Wednesday, December 5, 2012

beyond pinned



This craft would have made my canning and crafty grandmother proud.  It also stands as proof that I not only "pin" things, I make them--and my time spent on Pinterest isn't such a bad thing.

Saturday, November 10, 2012

candles


I am enjoying, once again, the warm light of these candles.  It has been too long since I have used them and they are a beautiful addition to the living room in the new place that I call home.  There have been many reasons lately to have these candles lit--they are lit for the loved ones of mine and friends who need our healing thoughts.  They are especially lit for my littles ones as they adjust to their new surroundings.

Friday, July 20, 2012

{this moment}

Linking to Soulemama for a Friday ritual:

A moment that I will cherish, a chance meeting with this majestic animal.



Happy Friday friends!

Friday, May 25, 2012

{this moment} onstage

Linking to Soulemama for a Friday ritual.  This is a moment that I want to remember and reflect upon with such joy and excitement:

Wishing you a wonderful Friday!

Friday, May 18, 2012

{this moment} dig

Linking to Soulemama for a Friday ritual:
Coloring page compliments of my 3 year old--I think she did a great job staying in the lines!

Happy Friday!

Tuesday, May 15, 2012

pine mulch


I anxiously await the taste of our first strawberry this year.  I have switched to pine needle mulch this year as I read that it helps to produce a "wilder" tasting strawberry.  And, unlike the straw mulch used in years past, it's free and gathered from our land.  Regardless of any taste difference, I will probably proclaim these berries as the sweetest.
My oldest daughter was excited to learn of the wild strawberries she found in the asparagus patch and potted them in hopes of tasting the tiny berries.  I just love kids in the garden.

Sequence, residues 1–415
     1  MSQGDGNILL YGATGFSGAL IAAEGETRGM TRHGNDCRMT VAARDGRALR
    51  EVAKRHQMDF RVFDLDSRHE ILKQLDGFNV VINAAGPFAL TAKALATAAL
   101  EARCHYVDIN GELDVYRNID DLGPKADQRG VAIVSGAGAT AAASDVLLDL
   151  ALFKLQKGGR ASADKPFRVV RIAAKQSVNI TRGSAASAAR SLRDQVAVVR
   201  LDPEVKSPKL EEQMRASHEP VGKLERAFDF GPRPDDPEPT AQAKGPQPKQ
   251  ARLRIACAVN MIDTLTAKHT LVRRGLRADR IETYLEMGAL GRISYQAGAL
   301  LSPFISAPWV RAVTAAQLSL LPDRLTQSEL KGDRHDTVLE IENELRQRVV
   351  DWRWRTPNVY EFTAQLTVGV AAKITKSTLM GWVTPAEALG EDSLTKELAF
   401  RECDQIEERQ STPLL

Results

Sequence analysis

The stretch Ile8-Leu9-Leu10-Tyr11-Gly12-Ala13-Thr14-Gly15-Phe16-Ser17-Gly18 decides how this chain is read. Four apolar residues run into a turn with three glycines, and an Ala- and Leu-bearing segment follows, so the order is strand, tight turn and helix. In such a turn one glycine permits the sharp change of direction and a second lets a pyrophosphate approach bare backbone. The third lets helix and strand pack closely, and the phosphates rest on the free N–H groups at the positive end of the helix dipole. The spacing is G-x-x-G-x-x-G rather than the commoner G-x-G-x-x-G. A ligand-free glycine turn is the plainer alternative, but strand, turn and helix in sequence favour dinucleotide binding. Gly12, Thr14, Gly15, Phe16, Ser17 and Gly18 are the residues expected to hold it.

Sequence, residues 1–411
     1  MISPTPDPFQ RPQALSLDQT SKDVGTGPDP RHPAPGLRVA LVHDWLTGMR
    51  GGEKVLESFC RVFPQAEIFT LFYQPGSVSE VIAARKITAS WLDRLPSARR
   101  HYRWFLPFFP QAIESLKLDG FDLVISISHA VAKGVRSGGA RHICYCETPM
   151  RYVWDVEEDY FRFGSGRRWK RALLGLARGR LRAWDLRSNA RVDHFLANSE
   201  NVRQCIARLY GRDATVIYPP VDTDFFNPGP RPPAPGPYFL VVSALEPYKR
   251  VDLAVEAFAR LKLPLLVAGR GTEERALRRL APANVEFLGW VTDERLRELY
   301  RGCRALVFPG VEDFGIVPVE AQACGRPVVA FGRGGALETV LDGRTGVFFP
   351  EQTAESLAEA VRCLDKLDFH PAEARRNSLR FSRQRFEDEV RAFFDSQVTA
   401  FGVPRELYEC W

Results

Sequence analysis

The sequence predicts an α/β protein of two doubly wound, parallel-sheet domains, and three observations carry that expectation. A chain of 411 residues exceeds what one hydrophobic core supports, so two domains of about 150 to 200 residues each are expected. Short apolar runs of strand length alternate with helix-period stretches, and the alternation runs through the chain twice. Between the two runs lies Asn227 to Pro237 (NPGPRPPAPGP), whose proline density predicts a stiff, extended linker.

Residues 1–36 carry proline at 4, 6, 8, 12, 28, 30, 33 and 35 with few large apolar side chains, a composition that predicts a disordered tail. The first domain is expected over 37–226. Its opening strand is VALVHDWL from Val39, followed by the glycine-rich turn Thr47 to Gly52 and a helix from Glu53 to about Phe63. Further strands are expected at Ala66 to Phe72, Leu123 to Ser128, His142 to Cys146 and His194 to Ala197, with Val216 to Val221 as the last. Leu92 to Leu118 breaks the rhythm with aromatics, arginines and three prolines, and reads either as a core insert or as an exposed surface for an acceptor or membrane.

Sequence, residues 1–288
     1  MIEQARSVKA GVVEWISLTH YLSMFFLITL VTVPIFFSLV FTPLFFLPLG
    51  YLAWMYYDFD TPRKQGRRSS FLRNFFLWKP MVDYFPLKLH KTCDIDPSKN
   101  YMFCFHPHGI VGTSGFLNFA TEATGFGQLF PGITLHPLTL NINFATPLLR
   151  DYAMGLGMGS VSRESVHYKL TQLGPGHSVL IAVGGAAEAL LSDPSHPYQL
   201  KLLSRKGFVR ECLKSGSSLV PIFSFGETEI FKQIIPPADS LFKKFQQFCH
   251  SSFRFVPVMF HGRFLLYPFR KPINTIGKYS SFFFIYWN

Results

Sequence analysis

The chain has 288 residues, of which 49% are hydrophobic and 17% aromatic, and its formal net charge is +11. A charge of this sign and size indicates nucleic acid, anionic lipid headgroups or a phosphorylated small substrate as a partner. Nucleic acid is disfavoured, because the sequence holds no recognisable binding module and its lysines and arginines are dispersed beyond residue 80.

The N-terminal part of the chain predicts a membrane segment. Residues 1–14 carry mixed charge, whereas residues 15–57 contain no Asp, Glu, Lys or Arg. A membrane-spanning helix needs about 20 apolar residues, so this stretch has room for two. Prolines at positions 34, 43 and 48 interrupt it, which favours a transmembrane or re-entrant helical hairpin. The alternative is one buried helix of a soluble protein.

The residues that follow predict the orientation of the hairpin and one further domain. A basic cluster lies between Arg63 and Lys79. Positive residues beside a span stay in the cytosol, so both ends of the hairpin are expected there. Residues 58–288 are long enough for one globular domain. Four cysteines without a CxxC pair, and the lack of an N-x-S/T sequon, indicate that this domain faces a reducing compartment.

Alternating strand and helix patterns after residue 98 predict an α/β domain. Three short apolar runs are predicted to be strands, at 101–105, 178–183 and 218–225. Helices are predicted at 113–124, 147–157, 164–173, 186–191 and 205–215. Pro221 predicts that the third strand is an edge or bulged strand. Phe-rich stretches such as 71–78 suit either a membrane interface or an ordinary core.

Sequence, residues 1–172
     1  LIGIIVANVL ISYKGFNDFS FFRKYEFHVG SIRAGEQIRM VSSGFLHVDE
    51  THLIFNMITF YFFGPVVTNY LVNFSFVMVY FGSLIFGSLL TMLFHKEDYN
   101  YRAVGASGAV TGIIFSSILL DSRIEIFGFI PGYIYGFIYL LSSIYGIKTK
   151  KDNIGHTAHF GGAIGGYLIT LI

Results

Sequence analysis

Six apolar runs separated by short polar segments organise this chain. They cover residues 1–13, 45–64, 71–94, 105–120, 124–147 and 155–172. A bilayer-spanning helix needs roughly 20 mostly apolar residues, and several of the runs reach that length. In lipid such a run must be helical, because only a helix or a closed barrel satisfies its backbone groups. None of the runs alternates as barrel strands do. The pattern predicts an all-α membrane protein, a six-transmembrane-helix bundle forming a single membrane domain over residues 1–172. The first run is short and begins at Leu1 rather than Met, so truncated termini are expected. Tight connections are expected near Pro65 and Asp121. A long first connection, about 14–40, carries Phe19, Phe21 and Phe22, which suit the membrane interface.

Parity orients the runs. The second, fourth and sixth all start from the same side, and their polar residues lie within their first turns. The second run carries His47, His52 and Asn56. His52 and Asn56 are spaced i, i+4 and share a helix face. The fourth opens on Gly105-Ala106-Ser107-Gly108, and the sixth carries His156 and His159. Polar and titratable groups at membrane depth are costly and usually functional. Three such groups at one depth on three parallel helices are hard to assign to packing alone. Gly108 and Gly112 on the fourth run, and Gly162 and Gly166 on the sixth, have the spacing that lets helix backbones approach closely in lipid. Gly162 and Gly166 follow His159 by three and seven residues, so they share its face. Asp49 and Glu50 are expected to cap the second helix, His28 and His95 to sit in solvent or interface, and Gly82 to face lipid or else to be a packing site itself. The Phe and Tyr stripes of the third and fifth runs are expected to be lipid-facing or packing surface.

Monday, May 7, 2012

multigrain banana muffins with chocolate chips

The promise of warmer weather has not yet arrived and so my baking continues.  Hot muffins fresh from the oven are what I like to serve my little ones to help them start the day (it helps this mama too).

As you can see above, I baked some of the muffins with paper liners (I like using these) and others without.  These muffins have such a tender crumb that I would advise the use of paper liners.

My recipe is adapted from the Banana Chocolate Chip Muffins by King Arthur Flour

1/2 cup melted butter or cooking oil of your choice
2/3 cup sugar
1 cup mashed very ripe banana, about 2 medium of 1 1/2 large bananas
1 large egg (preferably free ranging)
1 teaspoon vanilla
1/3 cup milk or half and half
1 1/2 teaspoons Bob's Red Mill Baking Powder
1/2 teaspoon baking soda
1/2 teaspoon kosher salt
2 cups King Arthur White Whole Wheat flour
1 cup Ghirardelli mini chocolate chips
1/2 cup rolled oats
Streusel topping, if desired

1.  Combine the dry ingredients in a separate bowl and stir with a whisk.
2.  In a medium bowl, beat together the butter and the sugar for approximately 3 minutes.
3.  Beat in the mashed banana, the egg, vanilla and the milk.
4.  Add the dry ingredients to the wet ingredients and beat to combine.
5.  Stir in the chocolate chips and oatmeal.

At this point, you could scoop the batter into your muffin tins, top with streusel (if desired) and bake in a 350 degree preheated oven.  I like to make the batter up the night before and store it covered, in my refrigerator.  The next morning, I bake and serve these delicious muffins.

Do you have a favorite muffin or breakfast recipe?

Friday, May 4, 2012

{preserving} Rhubarb Chutney

With the arrival of 5 pounds of rhubarb (that's what happens when I comment on the lushness of my dad's rhubarb plant), it was time to start canning.  The last month has found me gathering my canning equipment, marking pages in my cookbooks, and trying to come up with a plan.



Rhubarb Chutney
 Adapted from The Joy of Pickling by Linda Ziedrich

2 cups cider vinegar
1 1/2 cups firmly packed brown sugar
1 3/4 pounds rhubarb, sliced 1/2 inch thick
3 cups chopped onions
2 tablespoons grated fresh ginger
1 teaspoon red pepper flakes
Grated zest of 1 orange
One 4-inch cinnamon stick
1 cup golden raisins
1/2 cup currants
1/2 teaspoon kosher salt

1.  In a non reactive pot over medium heat, heat the vinegar and sugar, whisking until the sugar dissolves.  Add the remaining ingredients.  Simmer about 35 minutes, stirring occasionally.